Spatiotemporal patterns of Aedes aegyptipopulations in Cairns, Australia : assessing drivers of dengue transmission

Duncombe, Jennifer, Clements, Archie, Davis, Joe, Hu, Wenbiao, Weinstein, Philip, & Ritchie, Scott (2013) Spatiotemporal patterns of Aedes aegyptipopulations in Cairns, Australia : assessing drivers of dengue transmission. Tropical Medicine and International Health, 18(7), pp. 839-849.

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To identify the meteorological drivers of dengue vector density and determine high- and low-risk transmission zones for dengue prevention and control in Cairns, Australia.


Weekly adult female Ae. aegypti data were obtained from 79 double sticky ovitraps (SOs) located in Cairns for the period September 2007-May 2012. Maximum temperature, total rainfall and average relative humidity data were obtained from the Australian Bureau of Meteorology for the study period. Time series-distributed lag nonlinear models were used to assess the relationship between meteorological variables and vector density. Spatial autocorrelation was assessed via semivariography, and ordinary kriging was undertaken to predict vector density in Cairns.


Ae. aegypti density was associated with temperature and rainfall. However, these relationships differed between short (0-6 weeks) and long (0-30 weeks) lag periods. Semivariograms showed that vector distributions were spatially autocorrelated in September 2007-May 2008 and January 2009-May 2009, and vector density maps identified high transmission zones in the most populated parts of Cairns city, as well as Machans Beach.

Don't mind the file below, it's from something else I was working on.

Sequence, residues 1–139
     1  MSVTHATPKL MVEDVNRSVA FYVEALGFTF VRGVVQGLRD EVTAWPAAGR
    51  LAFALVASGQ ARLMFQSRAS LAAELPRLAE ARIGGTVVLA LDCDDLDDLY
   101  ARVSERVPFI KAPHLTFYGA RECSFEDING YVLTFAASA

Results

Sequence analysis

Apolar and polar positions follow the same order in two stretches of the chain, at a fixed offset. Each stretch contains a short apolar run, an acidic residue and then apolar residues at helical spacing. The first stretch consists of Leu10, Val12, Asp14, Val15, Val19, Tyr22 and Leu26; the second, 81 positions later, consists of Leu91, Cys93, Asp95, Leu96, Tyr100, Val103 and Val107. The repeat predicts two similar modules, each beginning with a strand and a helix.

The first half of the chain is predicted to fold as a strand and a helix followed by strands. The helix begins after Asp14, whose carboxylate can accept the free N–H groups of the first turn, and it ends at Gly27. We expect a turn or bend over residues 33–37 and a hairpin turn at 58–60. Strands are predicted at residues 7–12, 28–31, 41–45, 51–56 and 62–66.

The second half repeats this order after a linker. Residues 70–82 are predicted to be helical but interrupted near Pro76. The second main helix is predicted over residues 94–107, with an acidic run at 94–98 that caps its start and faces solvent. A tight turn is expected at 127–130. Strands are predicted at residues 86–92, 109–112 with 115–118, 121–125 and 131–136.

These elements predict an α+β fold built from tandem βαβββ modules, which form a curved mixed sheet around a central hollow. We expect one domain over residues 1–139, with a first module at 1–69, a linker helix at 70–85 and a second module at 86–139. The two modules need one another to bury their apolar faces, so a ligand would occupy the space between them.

Spatiotemporal patterns of Ae. aegypti in Cairns are complex, showing spatial autocorrelation and associations with temperature and rainfall. Sticky ovitraps should be placed no more than 1.2 km apart to ensure entomological coverage and efficient use of resources. Vector density maps provide evidence for the targeting of prevention and control activities. Further research is needed to explore the possibility of developing an early warning system of dengue based on meteorological and environmental factors.

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ID Code: 67161
Item Type: Journal Article
Refereed: Yes
DOI: 10.1111/tmi.12115
ISSN: 1360-2276
Subjects: Australian and New Zealand Standard Research Classification > MEDICAL AND HEALTH SCIENCES (110000) > PUBLIC HEALTH AND HEALTH SERVICES (111700) > Epidemiology (111706)
Divisions: Current > Institutes > Institute of Health and Biomedical Innovation
Deposited On: 12 Feb 2014 04:52
Last Modified: 12 Feb 2014 23:35

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